Because there are so many factors, there’s no easy way to answer this question. A healthcare provider is the best person to help you explore whether you or a loved one were aware or can remember what happened during a coma. While they may not be able to answer this question fully, they can at least help you understand what effect — if any — that knowledge can play in recovery and what comes next.
How long does a coma last?
A coma can be very brief and last only a few minutes, or it can last as long as one to two weeks. Unfortunately, death is a possible complication of being in a coma. This is more likely to happen when a coma happens because of a very severe injury or illness, or when a person doesn’t get medical care quickly enough after they enter a coma.
Comas rarely last longer than a couple of weeks because people tend to emerge from the coma and wake up or shift into another state of decreased or minimal consciousness. These include:
- Vegetative state. A person in this state is awake but unaware of the world around them and doesn’t show any intentional behaviors. They may open their eyes or do things that look like reactions to the world around them, but they aren’t actually aware or acting intentionally. When a vegetative state lasts long enough, it’s known as a persistent vegetative state (experts define a vegetative state as “persistent” when it lasts at least three months when not related to trauma and at least 12 months when related to trauma).
- Minimally conscious state. This is when a person shows some awareness of the world around them and some intentional behaviors. They can follow simple commands and say short phrases, but they can’t do these things consistently. When they can’t do these things, they appear similar to people with persistent vegetative states.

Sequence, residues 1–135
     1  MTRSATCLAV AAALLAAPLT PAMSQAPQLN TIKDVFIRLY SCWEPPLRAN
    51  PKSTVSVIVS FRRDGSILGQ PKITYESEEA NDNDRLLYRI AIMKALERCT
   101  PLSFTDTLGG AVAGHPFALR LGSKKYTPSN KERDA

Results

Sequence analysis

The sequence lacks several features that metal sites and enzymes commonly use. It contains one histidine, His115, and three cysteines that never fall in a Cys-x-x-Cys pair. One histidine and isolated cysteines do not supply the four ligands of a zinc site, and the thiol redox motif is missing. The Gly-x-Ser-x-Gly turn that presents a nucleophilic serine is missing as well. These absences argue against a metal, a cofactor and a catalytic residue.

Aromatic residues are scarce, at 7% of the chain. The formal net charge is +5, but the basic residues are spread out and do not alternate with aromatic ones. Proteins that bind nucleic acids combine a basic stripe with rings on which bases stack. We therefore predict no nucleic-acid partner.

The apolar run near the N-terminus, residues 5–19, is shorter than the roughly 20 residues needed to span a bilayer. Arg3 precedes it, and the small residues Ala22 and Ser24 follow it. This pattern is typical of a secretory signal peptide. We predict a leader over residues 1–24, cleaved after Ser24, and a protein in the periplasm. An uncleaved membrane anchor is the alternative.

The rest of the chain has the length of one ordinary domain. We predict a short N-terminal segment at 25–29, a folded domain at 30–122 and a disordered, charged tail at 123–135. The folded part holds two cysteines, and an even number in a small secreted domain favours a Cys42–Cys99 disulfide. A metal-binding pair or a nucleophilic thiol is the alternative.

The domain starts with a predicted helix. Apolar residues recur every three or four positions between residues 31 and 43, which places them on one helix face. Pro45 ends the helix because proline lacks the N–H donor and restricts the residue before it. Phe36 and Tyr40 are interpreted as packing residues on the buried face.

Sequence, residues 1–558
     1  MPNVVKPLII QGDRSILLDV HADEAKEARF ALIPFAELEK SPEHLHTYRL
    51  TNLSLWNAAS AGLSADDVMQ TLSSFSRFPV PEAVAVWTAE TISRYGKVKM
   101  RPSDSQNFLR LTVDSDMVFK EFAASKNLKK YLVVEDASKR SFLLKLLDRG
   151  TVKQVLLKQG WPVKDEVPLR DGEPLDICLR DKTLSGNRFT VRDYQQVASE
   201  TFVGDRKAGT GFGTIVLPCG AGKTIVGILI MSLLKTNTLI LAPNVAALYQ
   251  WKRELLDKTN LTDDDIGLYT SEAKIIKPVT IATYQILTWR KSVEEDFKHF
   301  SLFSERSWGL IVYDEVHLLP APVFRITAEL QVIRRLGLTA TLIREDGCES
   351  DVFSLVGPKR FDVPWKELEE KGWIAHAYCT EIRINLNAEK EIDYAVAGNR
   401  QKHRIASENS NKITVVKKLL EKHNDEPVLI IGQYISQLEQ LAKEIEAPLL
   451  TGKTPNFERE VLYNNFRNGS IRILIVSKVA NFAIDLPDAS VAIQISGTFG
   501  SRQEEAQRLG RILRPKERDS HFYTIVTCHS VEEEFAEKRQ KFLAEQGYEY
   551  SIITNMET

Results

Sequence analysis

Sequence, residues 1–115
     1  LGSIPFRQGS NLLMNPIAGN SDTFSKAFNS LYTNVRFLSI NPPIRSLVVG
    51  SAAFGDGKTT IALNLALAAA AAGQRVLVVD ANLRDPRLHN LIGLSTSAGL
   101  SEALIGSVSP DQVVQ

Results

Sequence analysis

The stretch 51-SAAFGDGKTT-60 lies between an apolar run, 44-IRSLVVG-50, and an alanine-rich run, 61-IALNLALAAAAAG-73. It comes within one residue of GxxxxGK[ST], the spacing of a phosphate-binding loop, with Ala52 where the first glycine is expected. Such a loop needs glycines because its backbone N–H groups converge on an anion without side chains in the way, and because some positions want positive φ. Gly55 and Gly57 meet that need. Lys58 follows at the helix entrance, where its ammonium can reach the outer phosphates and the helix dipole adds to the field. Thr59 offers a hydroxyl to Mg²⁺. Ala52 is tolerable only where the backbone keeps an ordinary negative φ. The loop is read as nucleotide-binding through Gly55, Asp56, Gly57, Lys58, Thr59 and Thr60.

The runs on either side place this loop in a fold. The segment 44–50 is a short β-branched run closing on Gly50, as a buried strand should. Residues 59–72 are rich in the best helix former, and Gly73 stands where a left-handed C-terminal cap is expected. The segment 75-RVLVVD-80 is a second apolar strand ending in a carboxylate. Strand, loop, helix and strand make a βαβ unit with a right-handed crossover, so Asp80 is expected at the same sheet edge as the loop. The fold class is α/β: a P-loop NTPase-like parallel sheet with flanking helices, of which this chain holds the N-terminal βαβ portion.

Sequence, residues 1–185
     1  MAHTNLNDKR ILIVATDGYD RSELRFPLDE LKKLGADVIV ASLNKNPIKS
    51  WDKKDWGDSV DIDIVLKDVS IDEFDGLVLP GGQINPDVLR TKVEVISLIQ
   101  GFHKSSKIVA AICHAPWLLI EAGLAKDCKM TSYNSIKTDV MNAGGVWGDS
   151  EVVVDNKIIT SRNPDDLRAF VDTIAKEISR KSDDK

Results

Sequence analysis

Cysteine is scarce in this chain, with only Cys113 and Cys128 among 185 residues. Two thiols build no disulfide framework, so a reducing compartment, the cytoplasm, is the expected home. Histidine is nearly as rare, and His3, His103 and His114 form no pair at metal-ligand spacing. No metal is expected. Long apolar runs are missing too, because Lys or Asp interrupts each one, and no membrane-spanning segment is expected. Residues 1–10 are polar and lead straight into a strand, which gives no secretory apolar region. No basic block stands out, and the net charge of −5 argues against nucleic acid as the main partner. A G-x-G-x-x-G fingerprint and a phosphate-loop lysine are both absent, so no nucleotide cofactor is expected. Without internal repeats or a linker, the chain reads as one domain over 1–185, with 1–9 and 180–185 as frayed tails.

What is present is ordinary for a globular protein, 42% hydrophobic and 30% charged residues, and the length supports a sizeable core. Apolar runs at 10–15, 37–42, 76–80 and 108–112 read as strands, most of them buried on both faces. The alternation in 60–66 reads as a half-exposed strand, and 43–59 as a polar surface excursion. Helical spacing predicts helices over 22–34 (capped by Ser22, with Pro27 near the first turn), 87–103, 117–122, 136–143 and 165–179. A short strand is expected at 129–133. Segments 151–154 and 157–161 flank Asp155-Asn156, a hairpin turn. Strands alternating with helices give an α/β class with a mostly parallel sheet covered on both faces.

A vegetative state is similar to a coma but isn’t the same. People in a vegetative state have recovered enough that they aren’t in a coma, but their brain’s abilities and activity are still very limited.
The potential for recovery from a vegetative state varies widely. Some people recover consciousness fully or partially, but most don’t. People can remain in vegetative states for weeks, months or even years. However, they need constant medical care because they can’t care for themselves. Unfortunately, their risks of complications are high, and most people in a vegetative state have a limited life expectancy.
What’s the outlook for this condition?
The outlook for a coma can vary widely, and many factors play a role. The best person to tell you the outlook for a specific situation is a healthcare provider who knows the situation. In most cases, this is the provider caring for your loved one.
How to ensure your wishes are followed when you can’t choose yourself
If you’re in a coma, you can’t make decisions about your medical care or tell anyone what you want. In many cases, that means it falls to family or loved ones to make those choices.
Regardless of whether you have a condition that could cause a coma, it’s a good idea to have conversations with your loved one about what you want in case you can’t make decisions about your own medical care. These conversations may feel unpleasant or difficult, but having them sooner rather than later can ensure your loved ones know what you want if you can’t tell them or choose for yourself.
It’s also a good idea to put your wishes and decisions in writing. That typically involves preparing documents related to legal issues and what happens if you can’t take care of yourself or making decisions for your own care or well-being. You can consult an attorney for help preparing these documents, but many of them you can prepare on your own (you may need a notary or other official to endorse them, depending on the laws in your area).
A note from Cleveland Clinic
For those who have a loved one in a coma, it can be a frightening experience. You may have many unanswered questions when your loved one is in a coma. You may wonder whether they can recover, how long it will take and if a full recovery is possible. While living with questions and uncertainty isn’t easy, ongoing research is helping experts better understand how comas work and how to treat them. That will open the door for possible recovery from comas both now and in the future.